The following isn’t a review. Instead, it’s a collection of thoughts, impressions, and emotions I wanted to jot down before they disappeared into the ether. Mild spoilers, if you can call them that.

Given the disappointed reviews for Terrence Malick’s latest film, I wasn’t sure what to expect going in. I’d heard from multiple colleagues who were big fans of all of the filmmaker’s previous efforts that this was the first one they didn’t like. Dismissals ranged from “pretentious” to “self-parody”, so I lowered my expectations considerably. Malick is possibly my favorite filmmaker. I discovered him a few years back, and I’m glad it took me that long. A younger me wouldn’t know what to make of his works, particularly considering that I BEGAN with the director’s cut of The New World. But bearing all that in mind, I was ready to be disappointed by his newest effort, or at least puzzled. Malick made two films in the late ’70s, then disappeared from cinema for 20 years, only to return in the late ’90s with what I consider one of the 10 best films ever made, The Thin Red Line. Since then, he’s made only three more films, and only one per decade.

So it was a bit of a shock that he had a new film ready just over a year after The Tree of Life, with apparently two more in production and near completion. What spurred this sudden productivity and haste? Does Malick know something we don’t? An intensely private individual, there’s no telling why his work ethic has done a complete 180, and he’ll certainly never tell anyone.

With all that in mind, I sat down to watch To the Wonder with no idea what to expect from it. What I saw was something truly special, something that deserves way more thought than outright dismissal or praise. I can see why it will be off-putting to many, but after it ended, I sat there in awe of an artist at the peak of his power, who, after literally pondering the existence of God, the cosmos, and the meaning of life and death in his last film, turned completely inwards, creating a visual symphony of love, regret, and forgiveness. While The Tree of Life was a far more ethereal film, at least thematically, it possesses semblance of a traditional structure: beginning, middle, and end. With To the Wonder, I felt like I was watching a great symphony come to life before my eyes, giving the notes and movements a flow that can only be achieved in cinema. I also saw a man laying out the dark private thoughts and memories of his life all on the table, in one long stream of consciousness.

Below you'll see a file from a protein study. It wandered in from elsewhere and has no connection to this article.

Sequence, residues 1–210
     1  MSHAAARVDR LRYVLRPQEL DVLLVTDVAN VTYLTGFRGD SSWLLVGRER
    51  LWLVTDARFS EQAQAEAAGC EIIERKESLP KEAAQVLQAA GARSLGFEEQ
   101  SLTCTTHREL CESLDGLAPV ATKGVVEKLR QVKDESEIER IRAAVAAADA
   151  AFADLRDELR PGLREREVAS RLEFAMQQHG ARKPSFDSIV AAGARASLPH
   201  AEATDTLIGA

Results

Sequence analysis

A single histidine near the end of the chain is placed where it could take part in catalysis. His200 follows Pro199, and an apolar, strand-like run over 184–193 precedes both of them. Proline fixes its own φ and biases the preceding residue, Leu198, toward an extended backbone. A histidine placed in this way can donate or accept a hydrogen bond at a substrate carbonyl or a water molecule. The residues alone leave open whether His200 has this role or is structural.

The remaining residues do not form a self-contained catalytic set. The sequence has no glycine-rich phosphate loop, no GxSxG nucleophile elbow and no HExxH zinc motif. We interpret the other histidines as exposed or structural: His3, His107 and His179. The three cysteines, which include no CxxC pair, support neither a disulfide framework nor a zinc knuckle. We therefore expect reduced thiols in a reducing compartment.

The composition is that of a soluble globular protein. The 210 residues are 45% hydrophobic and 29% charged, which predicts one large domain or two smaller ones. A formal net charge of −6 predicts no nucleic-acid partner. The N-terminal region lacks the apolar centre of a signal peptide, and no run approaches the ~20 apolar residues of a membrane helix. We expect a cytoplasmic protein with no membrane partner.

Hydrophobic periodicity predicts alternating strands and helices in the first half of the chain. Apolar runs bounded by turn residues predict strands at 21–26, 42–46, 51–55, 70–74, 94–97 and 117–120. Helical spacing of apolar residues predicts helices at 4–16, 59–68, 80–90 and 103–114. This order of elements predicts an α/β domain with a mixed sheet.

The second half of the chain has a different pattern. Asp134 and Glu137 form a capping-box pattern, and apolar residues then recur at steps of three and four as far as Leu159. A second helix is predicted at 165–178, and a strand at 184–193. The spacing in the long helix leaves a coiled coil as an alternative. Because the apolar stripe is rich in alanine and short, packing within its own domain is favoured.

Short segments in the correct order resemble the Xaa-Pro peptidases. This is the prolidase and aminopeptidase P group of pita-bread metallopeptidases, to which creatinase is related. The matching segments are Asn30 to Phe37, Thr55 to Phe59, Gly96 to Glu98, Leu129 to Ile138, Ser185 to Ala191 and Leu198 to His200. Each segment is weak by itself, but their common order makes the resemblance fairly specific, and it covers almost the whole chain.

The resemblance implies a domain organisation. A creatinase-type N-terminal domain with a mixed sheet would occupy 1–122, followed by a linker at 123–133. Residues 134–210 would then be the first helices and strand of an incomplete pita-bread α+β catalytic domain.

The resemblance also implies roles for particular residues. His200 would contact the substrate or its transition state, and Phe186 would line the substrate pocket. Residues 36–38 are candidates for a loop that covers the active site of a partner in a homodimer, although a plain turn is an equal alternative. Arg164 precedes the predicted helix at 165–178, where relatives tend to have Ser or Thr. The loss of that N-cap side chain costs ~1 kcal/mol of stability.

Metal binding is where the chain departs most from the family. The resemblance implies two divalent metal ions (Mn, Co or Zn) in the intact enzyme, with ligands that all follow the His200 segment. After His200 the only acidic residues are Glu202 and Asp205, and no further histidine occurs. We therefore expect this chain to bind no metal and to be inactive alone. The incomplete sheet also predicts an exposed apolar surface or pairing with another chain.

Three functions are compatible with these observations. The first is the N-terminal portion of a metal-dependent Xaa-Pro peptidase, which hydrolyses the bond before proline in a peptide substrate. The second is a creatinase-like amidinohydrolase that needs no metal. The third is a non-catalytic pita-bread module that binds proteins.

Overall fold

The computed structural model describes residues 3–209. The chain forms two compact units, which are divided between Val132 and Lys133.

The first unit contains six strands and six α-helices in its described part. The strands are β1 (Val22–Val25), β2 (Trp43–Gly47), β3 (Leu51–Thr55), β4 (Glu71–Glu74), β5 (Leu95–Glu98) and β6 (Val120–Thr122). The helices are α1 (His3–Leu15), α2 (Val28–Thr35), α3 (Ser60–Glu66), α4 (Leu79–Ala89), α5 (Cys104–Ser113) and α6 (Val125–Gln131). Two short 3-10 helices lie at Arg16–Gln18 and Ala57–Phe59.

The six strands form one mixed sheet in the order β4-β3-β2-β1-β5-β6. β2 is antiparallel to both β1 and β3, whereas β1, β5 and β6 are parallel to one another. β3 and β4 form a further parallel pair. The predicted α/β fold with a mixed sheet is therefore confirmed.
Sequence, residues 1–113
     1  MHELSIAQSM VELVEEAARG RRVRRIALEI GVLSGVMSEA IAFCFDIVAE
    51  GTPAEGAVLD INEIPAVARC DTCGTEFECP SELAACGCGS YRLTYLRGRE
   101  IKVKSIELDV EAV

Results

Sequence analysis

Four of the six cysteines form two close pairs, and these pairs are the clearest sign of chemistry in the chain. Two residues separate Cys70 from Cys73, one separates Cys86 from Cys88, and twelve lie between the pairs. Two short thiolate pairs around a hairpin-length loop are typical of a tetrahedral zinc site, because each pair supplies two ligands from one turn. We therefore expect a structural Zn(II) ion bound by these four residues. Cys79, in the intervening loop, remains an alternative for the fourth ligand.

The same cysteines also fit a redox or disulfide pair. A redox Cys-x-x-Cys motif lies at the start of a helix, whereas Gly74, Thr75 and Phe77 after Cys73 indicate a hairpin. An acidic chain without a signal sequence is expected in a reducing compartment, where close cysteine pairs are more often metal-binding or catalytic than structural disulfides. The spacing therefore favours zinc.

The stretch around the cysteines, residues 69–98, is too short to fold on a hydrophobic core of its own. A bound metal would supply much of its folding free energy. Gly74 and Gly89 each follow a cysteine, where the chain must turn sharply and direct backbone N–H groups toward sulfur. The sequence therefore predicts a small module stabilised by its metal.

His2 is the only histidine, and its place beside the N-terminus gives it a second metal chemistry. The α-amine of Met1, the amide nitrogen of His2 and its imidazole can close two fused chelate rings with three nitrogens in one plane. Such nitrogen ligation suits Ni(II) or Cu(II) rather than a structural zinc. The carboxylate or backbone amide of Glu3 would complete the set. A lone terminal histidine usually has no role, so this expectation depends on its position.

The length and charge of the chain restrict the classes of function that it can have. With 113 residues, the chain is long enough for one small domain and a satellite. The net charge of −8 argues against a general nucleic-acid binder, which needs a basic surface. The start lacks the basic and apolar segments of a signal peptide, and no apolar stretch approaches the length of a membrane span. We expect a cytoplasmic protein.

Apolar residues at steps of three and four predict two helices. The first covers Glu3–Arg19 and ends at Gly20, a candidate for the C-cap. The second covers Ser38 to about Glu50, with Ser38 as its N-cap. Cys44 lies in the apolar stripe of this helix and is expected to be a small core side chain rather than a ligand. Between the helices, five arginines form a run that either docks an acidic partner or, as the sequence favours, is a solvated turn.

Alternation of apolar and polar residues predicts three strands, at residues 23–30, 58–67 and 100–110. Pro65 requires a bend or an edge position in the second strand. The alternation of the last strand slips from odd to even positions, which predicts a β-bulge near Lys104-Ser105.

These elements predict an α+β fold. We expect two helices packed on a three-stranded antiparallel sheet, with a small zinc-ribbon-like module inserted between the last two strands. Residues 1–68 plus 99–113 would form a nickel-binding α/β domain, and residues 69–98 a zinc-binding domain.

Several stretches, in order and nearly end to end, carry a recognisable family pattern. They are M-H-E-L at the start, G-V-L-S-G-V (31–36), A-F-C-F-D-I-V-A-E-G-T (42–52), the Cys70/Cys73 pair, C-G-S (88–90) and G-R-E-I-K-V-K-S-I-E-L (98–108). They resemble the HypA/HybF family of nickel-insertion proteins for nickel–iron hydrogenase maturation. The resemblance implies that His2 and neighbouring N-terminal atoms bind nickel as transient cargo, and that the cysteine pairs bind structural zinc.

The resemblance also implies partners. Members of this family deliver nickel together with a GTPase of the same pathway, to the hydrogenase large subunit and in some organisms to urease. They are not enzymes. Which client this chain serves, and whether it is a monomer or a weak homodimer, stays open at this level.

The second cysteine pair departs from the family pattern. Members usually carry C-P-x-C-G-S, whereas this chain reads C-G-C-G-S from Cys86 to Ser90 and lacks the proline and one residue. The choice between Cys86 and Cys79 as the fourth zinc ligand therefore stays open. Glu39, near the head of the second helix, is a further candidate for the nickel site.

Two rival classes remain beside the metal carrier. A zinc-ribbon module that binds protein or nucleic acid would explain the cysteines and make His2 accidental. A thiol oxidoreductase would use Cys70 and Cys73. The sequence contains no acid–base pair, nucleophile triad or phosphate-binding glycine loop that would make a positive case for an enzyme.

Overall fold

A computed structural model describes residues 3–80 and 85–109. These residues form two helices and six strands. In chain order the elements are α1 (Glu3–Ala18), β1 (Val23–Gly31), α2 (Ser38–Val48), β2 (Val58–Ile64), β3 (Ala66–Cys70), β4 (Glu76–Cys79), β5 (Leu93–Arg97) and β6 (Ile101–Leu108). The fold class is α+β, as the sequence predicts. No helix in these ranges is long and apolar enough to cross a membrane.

The film follows an American man (Affleck) and a French woman (Kurylenko) living in Paris, deeply in love, who then decide to move back to the man’s homeland with the woman’s daughter in tow. Their relationship begins to fall apart after her visa expires, but there’s hope of reunion. While she is gone, he rekindles a relationship with a childhood friend (McAdams), which happily blossoms until his first love returns. Their relationship is strained and tumultuous, and seems to be headed ever towards implosion. Malick allegedly spent time in Europe in the ’80s, and the film seems to be based in part on the dissolution of Malick’s second marriage at the time.

Actually, scratch that. It’s clear to me that no film this raw and open could be only based in part on a director’s life. Every moment of the film is a big, open wound, and Malick is finally letting himself heal. There’s so much pain and regret filling every frame, creating a rather melancholy tone, one of deep sadness but also catharsis. I see an artist who, like his male lead, doesn’t know how to express these things in words very well. It’s easy to tease the lack of traditional structure, dialogue, and use of voice-over in the film as being almost TOOMalick-ian, but I think there’s something far deeper going on here. I don’t think a film this personal can be done in a traditional fashion. I see a man, desperate to apologize to and reconcile with the women he failed, but he simply doesn’t know how to say what he feels, so he gives them the floor, allowing the film to focus on them, telling their side of the story.